Bullying is a problem, that much we know. So what can we do to reduce such hostile behaviour? TEARAWAY Maverick TIERNEY REARDON has some suggestions.
Everyone knows the age-old chant:“Sticks and stones may break my bones, but names will never hurt me.” But the fact is that name-calling does hurt, and it's important that New Zealanders acknowledge this.
Bullying is a problem in New Zealand. In a 'Like Minds, Like Mine' survey in 2013, 93% of young people surveyed said that they frequently experienced people around them treating individuals in a negative manner. In some cases, this bullying was related to a person's disability or personal appearance.
So what can we do to reduce such hostile behaviour? Here are two ideas.
1. GO PINK
Pink Shirt Day is an annual event that celebrates diversity and encourages us to create strong, positive bonds with each other.
During Pink Shirt Day, which coincides with Ara Taiohi Youth Week, New Zealanders are encouraged to put on a pink shirt. It's a way to show support for the idea that everyone can help prevent bullying in schools and communities.
The pink shirt symbolises strength and unity, amongst young people in particular. This year in New Zealand, Pink Shirt Day will be held on May 23.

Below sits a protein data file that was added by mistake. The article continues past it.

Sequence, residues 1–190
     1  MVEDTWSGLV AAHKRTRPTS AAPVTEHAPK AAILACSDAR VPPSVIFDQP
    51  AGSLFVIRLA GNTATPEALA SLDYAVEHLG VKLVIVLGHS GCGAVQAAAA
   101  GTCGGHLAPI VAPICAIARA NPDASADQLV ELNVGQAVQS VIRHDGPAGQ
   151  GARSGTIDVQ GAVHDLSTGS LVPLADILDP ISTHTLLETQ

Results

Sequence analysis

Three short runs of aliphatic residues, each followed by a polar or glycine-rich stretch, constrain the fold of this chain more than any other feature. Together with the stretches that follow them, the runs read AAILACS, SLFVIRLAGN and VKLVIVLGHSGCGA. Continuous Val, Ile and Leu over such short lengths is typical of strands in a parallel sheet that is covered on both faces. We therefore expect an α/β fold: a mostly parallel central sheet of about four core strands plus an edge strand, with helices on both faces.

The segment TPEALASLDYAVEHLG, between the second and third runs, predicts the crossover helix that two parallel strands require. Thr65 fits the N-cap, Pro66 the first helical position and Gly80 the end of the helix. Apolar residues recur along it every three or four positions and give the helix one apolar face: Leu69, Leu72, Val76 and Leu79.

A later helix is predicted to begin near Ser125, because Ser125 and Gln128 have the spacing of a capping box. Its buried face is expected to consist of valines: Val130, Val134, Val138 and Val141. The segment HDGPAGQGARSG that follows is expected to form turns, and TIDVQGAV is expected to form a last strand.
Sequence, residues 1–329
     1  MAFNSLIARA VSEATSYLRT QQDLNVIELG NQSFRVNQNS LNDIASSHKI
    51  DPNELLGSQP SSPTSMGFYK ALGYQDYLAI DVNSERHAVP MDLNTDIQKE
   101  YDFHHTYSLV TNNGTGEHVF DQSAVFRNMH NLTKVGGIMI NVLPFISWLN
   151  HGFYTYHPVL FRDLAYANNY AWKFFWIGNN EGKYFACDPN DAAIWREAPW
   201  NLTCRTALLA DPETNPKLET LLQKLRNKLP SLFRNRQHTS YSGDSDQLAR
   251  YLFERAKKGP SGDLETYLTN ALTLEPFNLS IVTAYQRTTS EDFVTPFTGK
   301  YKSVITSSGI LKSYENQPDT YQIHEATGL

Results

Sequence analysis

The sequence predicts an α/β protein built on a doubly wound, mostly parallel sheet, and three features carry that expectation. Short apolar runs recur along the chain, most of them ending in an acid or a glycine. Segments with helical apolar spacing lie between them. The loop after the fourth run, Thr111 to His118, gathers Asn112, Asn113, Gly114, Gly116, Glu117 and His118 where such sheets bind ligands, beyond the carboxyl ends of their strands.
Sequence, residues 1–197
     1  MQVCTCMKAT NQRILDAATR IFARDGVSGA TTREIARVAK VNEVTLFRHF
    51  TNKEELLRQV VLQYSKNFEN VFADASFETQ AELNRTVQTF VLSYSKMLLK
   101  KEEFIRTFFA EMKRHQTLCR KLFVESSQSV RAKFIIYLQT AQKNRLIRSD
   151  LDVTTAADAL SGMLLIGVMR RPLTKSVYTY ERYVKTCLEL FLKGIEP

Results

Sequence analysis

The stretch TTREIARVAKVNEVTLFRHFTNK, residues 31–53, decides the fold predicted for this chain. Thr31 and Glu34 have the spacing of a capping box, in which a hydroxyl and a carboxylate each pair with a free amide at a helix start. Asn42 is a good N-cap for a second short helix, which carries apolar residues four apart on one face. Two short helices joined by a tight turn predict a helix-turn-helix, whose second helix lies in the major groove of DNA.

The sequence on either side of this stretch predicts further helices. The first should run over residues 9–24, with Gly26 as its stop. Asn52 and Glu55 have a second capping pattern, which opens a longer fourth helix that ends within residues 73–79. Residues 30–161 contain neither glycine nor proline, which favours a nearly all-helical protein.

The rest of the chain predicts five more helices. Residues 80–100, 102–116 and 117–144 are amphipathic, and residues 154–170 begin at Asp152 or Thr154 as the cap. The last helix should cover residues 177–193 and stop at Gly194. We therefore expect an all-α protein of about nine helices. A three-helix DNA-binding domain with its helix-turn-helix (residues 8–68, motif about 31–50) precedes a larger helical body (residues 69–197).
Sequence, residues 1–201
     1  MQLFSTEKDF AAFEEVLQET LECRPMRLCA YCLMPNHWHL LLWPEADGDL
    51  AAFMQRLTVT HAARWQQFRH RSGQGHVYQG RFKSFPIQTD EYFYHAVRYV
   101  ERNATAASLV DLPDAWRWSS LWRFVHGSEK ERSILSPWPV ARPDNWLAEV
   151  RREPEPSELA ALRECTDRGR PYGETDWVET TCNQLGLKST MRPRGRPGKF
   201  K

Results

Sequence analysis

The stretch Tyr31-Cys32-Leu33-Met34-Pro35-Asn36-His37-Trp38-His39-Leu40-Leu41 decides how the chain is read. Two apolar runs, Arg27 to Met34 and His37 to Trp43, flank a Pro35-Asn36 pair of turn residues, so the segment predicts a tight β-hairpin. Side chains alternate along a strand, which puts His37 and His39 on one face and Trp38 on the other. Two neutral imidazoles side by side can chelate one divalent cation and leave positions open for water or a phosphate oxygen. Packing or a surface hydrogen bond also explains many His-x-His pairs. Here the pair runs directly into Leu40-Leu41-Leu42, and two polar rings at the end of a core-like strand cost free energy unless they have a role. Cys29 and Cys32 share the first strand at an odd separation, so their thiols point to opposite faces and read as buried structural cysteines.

The event began in 2007, in Nova Scotia, Canada. Two high school students stood up for a younger male classmate, who was being bullied for wearing a pink T-shirt to class. The bullies taunted the boy because the shirt was “gay”. This was obviously not okay – and so teens David Shepherd and Travis Price decided to speak up and support the bullied classmate.
The next day, Shepherd and Price handed out pink T-shirts to the entire class, who all wore the shirts that day to support the Grade 9 bullying victim. The bullying quickly stopped, and Pink Shirt Day was born.
It's fitting that the event is based around the day that a couple of teens made such a huge difference in raising awareness about bullying and standing up for what they believed was morally correct.
For more on Pink Shirt Day, click here.
2. MAKE A VIDEO
As a way to educate young people on the importance of speaking up and not being afraid to express their feelings, the Mental Health Foundation (a supporter of Pink Shirt Day) are running a competition for secondary school students.
The competition is to make a 30-second to 1-minute YouTube video, about the effects that negative words and name-calling can have. People interested in entering the competition should email [email protected] Entries close on June 20.